Language Selection

English French German Italian Portuguese Spanish

Bradypus variegatus aka Zenwalk's Mr. Kernel

Filed under
Linux

The recent Linux kernel local escalation of privilege is indeed a local vulnerability, however this should by no means neglected as minor: most of the vulnerabilities found in so many packages are local vulnerabilities, yet patches are issued responsibly (i.e. in a timely manner) by all the mainstream distros who ship the respective packages.

It's not the only small distro not to have updated the kernel, but their attitude speaks volumes...

The vulnerability is known since Feb. 8, with filling of bugs in mainstream distros generally between 9 and 11 February.

To summarize, here's what I have noticed as patches for the latest kernel vulnerability, chronologically:

* Debian Etch patched it on Feb. 11.
* Slackware 12.0 and -current patched it on Feb. 11.
* Fedora 8 and 7 patched it on Feb. 11.

More Here




More in Tux Machines

KDE Leftovers

  • Qt Creator 4.2.1 released
    We are happy to announce the release of Qt Creator 4.2.1. This is a pure bugfix release, and takes care of various important bugs.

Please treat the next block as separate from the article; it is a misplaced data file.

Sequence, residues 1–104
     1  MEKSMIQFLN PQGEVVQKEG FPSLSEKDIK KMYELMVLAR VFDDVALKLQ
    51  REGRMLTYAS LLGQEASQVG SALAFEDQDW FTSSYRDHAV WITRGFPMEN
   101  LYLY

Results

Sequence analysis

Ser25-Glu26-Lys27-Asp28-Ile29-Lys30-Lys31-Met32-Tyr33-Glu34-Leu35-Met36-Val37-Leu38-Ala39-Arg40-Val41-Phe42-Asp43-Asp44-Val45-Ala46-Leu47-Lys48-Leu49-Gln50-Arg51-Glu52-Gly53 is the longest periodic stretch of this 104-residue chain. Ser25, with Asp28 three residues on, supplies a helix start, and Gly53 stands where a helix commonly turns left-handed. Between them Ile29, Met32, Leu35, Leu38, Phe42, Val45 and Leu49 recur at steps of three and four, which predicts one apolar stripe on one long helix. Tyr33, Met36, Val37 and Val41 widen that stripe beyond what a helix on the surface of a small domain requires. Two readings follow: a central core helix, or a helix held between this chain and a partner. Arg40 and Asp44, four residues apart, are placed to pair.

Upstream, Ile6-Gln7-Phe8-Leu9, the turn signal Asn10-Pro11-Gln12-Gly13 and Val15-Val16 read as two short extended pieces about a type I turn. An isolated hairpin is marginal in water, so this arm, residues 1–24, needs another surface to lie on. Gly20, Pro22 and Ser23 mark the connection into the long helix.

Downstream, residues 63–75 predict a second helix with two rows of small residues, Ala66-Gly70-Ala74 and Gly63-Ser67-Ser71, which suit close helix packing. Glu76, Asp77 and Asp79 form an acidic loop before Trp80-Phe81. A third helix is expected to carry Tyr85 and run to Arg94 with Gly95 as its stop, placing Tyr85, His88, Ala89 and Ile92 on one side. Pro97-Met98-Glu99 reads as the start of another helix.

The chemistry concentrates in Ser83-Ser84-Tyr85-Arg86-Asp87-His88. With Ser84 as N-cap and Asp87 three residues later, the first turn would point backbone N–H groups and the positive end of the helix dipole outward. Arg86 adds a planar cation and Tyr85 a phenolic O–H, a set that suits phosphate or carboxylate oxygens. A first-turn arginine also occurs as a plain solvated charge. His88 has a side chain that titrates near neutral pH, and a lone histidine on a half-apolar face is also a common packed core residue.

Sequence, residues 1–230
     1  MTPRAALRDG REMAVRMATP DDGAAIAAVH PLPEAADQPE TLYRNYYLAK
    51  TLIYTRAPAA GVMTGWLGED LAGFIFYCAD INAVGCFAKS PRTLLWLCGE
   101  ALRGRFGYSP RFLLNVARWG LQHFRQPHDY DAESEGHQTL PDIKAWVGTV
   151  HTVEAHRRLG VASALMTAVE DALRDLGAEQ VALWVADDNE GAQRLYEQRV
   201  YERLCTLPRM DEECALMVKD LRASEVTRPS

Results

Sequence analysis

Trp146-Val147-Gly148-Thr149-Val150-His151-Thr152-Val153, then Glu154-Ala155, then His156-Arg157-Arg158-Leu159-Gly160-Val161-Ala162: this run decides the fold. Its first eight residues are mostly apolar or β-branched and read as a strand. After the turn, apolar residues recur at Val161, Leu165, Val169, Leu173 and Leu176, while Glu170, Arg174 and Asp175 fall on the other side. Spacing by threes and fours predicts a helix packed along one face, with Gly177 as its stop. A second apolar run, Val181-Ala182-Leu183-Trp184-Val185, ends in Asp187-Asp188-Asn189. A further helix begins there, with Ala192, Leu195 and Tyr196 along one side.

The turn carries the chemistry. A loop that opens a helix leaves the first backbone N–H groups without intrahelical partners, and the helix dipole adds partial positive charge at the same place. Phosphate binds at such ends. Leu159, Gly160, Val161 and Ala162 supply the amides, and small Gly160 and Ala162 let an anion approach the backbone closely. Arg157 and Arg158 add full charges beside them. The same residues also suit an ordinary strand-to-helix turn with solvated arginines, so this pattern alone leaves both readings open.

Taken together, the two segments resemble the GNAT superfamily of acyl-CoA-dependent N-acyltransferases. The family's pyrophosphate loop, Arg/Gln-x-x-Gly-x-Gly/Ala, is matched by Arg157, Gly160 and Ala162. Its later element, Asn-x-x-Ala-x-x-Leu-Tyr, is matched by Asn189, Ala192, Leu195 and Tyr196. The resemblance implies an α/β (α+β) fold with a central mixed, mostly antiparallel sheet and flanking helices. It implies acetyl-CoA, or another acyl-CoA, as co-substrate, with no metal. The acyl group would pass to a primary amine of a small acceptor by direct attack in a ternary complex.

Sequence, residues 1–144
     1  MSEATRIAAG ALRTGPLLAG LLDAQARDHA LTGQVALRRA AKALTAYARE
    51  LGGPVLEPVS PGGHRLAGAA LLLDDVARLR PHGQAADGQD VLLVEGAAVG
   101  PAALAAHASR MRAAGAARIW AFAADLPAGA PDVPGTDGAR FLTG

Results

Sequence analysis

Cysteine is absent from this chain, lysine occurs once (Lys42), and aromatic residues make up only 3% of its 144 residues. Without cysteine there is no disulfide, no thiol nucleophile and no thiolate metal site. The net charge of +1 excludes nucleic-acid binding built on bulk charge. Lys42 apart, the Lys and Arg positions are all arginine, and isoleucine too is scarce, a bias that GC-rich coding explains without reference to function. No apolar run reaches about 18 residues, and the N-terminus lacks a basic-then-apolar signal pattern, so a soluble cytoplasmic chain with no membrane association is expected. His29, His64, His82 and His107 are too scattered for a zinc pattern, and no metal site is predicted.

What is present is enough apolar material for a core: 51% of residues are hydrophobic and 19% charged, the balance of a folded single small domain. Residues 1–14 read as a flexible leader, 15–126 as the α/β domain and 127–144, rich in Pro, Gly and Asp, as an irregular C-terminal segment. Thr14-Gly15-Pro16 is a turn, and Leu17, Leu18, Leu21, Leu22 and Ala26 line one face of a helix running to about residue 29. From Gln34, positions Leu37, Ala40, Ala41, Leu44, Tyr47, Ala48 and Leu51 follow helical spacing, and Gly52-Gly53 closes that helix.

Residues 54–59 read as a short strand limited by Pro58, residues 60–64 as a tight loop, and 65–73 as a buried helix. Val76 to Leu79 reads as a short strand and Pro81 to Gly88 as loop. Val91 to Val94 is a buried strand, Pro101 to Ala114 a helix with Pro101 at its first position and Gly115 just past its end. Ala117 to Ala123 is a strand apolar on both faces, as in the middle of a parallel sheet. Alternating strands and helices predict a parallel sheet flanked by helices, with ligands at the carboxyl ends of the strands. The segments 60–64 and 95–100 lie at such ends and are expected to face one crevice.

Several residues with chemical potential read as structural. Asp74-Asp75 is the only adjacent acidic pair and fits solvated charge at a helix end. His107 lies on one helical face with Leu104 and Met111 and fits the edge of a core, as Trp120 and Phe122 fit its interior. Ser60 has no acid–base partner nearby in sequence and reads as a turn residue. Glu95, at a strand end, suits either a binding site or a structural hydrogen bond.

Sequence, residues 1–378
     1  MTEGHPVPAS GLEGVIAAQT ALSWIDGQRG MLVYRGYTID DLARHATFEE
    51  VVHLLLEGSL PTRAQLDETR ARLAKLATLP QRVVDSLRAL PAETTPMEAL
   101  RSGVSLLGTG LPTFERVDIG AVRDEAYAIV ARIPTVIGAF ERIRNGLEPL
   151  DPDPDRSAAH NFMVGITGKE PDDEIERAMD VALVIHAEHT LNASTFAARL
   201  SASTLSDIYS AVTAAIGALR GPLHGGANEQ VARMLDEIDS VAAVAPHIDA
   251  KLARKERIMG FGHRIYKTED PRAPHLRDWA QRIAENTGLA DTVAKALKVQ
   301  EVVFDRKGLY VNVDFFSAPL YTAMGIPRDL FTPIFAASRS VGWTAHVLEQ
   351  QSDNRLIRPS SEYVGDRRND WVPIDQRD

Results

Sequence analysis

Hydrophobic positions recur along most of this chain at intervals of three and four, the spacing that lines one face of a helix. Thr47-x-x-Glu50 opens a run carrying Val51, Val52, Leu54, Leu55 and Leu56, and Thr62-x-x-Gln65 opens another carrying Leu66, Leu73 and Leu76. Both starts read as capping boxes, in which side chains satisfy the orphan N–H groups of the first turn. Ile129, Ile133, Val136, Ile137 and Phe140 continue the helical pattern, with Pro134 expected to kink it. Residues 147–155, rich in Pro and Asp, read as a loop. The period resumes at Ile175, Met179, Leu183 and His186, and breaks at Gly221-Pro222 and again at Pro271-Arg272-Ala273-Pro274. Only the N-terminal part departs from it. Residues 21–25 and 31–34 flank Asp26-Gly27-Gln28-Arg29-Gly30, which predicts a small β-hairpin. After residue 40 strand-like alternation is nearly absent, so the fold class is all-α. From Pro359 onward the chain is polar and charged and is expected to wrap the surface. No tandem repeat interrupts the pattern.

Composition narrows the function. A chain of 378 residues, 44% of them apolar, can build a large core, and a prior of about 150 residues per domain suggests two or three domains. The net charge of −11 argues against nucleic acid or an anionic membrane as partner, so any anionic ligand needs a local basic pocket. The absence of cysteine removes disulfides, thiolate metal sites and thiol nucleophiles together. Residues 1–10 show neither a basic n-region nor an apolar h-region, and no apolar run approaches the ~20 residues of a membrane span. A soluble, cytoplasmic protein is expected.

• KTextEditor depends on KSyntaxHighlighting
    Recently, the KSyntaxHighlighting framework was added to the KDE Frameworks 5.29 release. And starting with KDE Frameworks 5.29, KTextEditor depends on KSyntaxHighlighting. This also means that KTextEditor now queries KSyntaxHighlighting for available xml highlighting files.
  • [Krita] Interview with Adam
    Good day. My name is Adam and I am a 26-year-old person who is trying to learn how to draw…
  • [Krita] We’re doing a User Survey!
    While we’re still working on Vector, Text and Python Scripting, we’ve already decided: This year, we want to spend on stabilizing and polishing Krita!

More of today's howtos

Linux and Graphics

ASUS "Tinker Board"

  • Asus takes on Raspberry Pi with 4K-capable Tinker Board
    Tech giant Asus is taking on the Raspberry Pi with its own DIY-friendly single-board computer that's said to offer 4K video playback and 24-bit audio support in exchange for a hefty £55 price tag.
  • ASUS "Tinker Board" Powered By Rockchip ARM SoC, Supports Debian
    Making its rounds this morning as a "Raspberry Pi competitor" is the Tinker Board from ASUS. The Tinker Board is ASUS' take on an ARM SBC similar to what's already offered by a plethora of vendors. The Tinker Board features a quad-core 1.8GHz ARM Cortex-A17 processor with ARM Mali T764 graphics and there is 2GB of DDR3 memory.